The horse has bolted the barn, the damage is done, there's no going back now, we've reached the point of no return. Pick your cliche, it all boils down to the same conclusion: Voters should say "no thanks" to amending the Illinois Constitution to raise the legislative approval threshold for public pension increases, which is nothing more than a charade disguised as reform, pretending to be the solution it isn't.
Fundamentally, the amendment would require a three-fifths vote of the Legislature or any local governing body to enhance pension benefits, as opposed to the simple majority support that is required now. No doubt many a voter who has watched Illinois bungle its pension obligations will think that sounds like a pretty good idea. Don't fall for it.
First, this will do nothing at all to whittle the largest unfunded pension liability from sea to shining sea, at least $83 billion and counting. It merely addresses future pension sweeteners. Arguably only a legislator with a political death wish would sponsor legislation boosting retirement benefits now.
Second, this amendment wouldn't have prevented the meltdown that Illinois currently faces, as the vast majority of pension bills over the last several decades prevailed with lopsided majorities, sailing past 60 percent with barely a wave.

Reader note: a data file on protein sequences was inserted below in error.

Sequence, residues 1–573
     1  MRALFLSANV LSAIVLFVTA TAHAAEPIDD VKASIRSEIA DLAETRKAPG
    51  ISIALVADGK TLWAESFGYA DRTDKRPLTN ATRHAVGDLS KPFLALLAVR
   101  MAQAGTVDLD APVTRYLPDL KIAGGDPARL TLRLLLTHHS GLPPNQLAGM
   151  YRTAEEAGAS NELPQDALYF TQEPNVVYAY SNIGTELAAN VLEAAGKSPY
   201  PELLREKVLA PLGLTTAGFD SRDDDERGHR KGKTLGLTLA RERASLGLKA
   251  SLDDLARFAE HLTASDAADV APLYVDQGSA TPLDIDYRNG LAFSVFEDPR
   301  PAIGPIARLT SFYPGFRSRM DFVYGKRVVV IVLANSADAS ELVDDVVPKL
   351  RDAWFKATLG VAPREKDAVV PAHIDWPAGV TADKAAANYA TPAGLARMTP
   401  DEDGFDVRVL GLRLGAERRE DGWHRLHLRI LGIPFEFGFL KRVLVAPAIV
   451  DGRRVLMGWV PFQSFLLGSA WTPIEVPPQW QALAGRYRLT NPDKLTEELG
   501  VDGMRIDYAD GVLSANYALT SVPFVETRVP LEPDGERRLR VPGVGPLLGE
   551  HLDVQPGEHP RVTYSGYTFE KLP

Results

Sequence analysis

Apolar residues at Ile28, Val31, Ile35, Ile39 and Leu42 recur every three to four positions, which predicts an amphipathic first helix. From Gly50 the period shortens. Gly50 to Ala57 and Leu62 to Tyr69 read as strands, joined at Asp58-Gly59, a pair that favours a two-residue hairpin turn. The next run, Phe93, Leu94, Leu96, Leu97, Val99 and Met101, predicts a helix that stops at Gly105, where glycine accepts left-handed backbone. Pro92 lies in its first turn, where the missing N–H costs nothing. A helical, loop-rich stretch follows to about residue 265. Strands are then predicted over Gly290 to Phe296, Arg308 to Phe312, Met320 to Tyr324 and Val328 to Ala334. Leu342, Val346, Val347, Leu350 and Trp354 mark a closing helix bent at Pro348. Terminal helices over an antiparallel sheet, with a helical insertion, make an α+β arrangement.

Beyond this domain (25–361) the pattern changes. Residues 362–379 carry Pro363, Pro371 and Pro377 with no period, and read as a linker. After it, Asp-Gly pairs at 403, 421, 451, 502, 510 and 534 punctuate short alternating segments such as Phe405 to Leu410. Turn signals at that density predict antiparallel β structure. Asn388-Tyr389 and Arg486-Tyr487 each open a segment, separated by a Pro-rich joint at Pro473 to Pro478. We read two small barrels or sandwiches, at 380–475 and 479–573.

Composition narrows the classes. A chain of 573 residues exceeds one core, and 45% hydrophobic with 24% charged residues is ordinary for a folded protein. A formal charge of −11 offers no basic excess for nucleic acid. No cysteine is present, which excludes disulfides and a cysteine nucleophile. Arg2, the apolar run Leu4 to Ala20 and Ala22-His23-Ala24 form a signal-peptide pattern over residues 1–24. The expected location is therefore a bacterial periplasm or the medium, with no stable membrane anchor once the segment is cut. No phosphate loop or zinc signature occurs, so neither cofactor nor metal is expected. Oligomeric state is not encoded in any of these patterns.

Third, beware the fine print. The full text of the abysmally written and probably purposely indecipherable amendment - leave it to the lawyers - will not appear on the ballot, so this is the equivalent of signing a contract you haven't read. Meanwhile, the amendment seeks to redefine such terms as "emolument increase" and "beneficial determination." If you're like 99 percent of the population, you just asked, "Huh?" Nobody of good intention would play such semantic games. It's a virtual invitation to legal challenge and even greater expenditures of your tax money. You know a measure is flawed when liberal labor groups and some conservative organizations alike oppose it, if for different reasons, while sharing an uncertainty over what exactly will be wrought. The Illinois Policy Institute labeled this effort "fake, do-nothing reform."